Self-employed borrowers bring a unique challenge to mortgage lenders. They don’t have consistent income confirmed by a third party. Instead, they have income that they claim themselves. Even if the money is legitimate, lenders have to go above and beyond to ensure that you can afford the mortgage beyond a reasonable doubt.
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The days of stating your income are gone. Instead, you have to prove your income with proven methods. If you are unable to prove your income, even if it’s valid, you won’t be able to qualify for a mortgage.
So just what do mortgage lenders look for in a self-employed borrower? Keep reading to find out.
Verifiable Tax Returns
A majority of the time, you need to provide your tax returns to verify your self-employed income. Even if you pay yourself with a W-2s, lenders need to see what you claim on your taxes. The adjusted gross income on your tax returns is what lenders will usually use for self-employed borrowers. This is because it takes into consideration any expenses you write off due to owning a business. This comes off your bottom line and lenders can only use the income you claim on your taxes.
In some cases, not all, you may also have to provide your business tax returns. This is necessary when a lender can’t differentiate between your individual income and your business income. It’s also the case if your business is a corporation. It’s best to keep the two completely separate to avoid the complexity that can occur when you apply for a mortgage.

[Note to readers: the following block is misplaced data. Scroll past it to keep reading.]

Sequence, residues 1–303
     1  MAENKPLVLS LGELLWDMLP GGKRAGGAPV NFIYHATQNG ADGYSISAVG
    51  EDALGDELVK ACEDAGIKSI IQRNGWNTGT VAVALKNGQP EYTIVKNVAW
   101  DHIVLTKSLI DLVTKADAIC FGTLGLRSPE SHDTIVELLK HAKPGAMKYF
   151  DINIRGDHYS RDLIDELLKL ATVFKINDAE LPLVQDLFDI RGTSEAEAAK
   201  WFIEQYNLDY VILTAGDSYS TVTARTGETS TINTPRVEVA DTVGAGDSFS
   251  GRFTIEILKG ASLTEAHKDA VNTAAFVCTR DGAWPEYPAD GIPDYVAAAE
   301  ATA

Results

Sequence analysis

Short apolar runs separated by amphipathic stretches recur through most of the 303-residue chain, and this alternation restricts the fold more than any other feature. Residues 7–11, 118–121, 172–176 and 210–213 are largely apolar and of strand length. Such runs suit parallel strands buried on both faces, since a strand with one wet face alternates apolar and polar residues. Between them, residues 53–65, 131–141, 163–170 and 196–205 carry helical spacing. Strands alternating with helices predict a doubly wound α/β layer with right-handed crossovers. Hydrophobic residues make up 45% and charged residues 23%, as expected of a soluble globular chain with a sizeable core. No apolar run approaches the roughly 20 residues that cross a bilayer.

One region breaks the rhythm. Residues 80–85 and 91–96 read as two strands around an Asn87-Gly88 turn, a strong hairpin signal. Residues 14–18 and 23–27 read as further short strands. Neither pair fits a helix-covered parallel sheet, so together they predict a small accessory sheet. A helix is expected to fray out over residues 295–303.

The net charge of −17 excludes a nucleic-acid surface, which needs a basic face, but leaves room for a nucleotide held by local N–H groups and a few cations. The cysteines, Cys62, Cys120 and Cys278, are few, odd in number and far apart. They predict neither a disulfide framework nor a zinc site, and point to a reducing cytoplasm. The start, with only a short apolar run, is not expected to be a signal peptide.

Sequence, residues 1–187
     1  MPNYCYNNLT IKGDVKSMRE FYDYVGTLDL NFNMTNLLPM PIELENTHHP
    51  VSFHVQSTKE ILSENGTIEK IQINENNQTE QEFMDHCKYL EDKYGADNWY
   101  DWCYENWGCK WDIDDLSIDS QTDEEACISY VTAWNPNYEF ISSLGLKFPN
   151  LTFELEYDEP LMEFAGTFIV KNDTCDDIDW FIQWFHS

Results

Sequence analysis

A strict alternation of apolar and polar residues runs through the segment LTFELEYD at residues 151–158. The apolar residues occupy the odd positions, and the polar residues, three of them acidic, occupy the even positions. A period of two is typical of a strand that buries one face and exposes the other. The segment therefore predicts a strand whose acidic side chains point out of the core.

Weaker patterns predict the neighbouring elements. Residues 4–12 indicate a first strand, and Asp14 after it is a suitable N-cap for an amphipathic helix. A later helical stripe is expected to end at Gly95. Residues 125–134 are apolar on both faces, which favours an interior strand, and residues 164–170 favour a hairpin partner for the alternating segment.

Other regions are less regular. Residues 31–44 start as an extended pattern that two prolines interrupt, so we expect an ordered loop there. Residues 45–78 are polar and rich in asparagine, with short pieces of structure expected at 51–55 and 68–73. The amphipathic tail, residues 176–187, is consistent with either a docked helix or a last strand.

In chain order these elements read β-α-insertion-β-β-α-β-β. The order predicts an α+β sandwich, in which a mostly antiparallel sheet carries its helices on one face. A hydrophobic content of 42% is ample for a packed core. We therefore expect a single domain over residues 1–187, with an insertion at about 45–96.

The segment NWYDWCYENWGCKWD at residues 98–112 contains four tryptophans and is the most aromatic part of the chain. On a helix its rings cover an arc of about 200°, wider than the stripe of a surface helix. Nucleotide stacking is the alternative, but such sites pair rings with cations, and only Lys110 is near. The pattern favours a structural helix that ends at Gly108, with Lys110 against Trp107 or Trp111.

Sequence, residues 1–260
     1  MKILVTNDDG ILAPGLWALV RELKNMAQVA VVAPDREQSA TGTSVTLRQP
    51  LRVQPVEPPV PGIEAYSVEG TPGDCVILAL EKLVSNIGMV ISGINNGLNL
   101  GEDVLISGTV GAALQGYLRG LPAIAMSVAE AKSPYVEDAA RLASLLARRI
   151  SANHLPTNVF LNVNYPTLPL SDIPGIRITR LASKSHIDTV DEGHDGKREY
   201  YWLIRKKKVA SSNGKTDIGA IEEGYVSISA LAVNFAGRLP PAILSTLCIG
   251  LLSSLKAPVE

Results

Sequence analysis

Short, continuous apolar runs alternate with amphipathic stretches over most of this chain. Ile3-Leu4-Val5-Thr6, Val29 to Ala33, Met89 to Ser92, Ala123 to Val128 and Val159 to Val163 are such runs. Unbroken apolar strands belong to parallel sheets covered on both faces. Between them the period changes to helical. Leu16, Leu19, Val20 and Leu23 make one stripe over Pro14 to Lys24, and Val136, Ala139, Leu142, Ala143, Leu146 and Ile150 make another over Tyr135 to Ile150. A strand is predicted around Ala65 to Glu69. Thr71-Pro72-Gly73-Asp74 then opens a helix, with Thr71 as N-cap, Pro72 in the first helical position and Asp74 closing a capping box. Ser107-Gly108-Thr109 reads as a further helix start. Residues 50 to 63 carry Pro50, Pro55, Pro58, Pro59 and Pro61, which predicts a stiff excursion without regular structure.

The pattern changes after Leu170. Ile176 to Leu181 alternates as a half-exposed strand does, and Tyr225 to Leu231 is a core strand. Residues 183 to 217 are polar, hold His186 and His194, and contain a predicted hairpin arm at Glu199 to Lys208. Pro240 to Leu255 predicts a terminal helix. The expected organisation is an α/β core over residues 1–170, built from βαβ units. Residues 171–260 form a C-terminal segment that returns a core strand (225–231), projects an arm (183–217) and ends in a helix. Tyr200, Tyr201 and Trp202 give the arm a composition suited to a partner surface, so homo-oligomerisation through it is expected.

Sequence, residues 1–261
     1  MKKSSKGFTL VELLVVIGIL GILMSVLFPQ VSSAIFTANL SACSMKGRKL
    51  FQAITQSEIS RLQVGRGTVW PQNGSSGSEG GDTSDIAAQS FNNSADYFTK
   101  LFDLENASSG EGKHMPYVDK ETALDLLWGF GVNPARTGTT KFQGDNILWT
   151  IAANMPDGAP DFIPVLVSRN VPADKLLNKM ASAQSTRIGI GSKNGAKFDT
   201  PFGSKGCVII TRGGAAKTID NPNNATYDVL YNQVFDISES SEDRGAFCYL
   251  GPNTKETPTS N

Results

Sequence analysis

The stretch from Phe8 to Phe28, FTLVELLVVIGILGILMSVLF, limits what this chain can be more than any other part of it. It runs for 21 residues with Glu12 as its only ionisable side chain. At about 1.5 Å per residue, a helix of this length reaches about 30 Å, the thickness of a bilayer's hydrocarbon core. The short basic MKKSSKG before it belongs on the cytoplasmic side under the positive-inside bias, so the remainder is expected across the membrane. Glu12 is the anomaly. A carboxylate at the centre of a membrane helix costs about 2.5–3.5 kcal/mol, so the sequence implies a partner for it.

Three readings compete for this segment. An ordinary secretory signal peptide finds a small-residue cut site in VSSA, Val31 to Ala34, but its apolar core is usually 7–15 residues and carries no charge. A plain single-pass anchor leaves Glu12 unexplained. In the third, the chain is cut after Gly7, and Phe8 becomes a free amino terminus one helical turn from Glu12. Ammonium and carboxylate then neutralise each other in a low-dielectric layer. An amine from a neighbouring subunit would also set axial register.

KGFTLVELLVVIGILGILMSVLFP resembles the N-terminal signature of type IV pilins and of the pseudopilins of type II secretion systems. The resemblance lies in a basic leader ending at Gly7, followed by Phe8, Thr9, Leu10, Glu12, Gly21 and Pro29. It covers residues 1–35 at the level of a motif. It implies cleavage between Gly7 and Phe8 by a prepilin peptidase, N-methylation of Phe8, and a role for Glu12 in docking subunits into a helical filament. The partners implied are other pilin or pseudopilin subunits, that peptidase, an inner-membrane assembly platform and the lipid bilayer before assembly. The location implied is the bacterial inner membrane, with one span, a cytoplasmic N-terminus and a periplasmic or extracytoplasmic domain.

One thing all lenders want to see out of self-employed borrowers is consistent income. In other words, they want to see you making around the same amount of money each month, or more. They don’t want to see declining income.
It’s understandable to have income that fluctuates throughout the year, but on a year-to-year basis, your income should be fairly stable. If there are great discrepancies in the income from year-to-year, expect a lender to ask questions. They will want to know what happened and if you have overcome the issue.
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A Flourishing Industry
Expect lenders to look into the industry that your business operates in to make sure it’s in good condition. If you are in an industry that just doesn’t have the backing or a lot of businesses are falling out of, it could be a red flag for the lender.
You want to show that you are in a business that has a solid future. In other words, you want a business that has financial stability and that has high consumer demand. If it’s a business, no one has heard of and the demand is low, it may not fare as well in the eyes of the lender.
The Length of Self-Employment
Finally, lenders want to see borrowers that have been self-employed for a while. Typically, 2 years is the cutoff, but some lenders do cut some slack in this area. We don’t recommend applying for a mortgage 3-6 months after opening a business, but after one solid year, it may be a possibility.
In order for lenders to consider self-employment that has lasted less than 2 years, they want proof that you know the industry well. In other words, that you worked in the industry in the past. If you open a business that coincides with the employment you had before it, chances are that you have the knowledge necessary to succeed. If instead, you go into a completely different business where you don’t have a history or proof of education, you may have more trouble getting a loan.
Lenders don’t automatically shut down borrowers that are self-employed. You just need to be able to provide the lender with proof that you are a good risk. If the risk of default is high, a lender may not consider your application. It’s a good idea to have compensating factors to make up for your self-employment. This could include plenty of assets on hand, a low debt ratio, and a high down payment.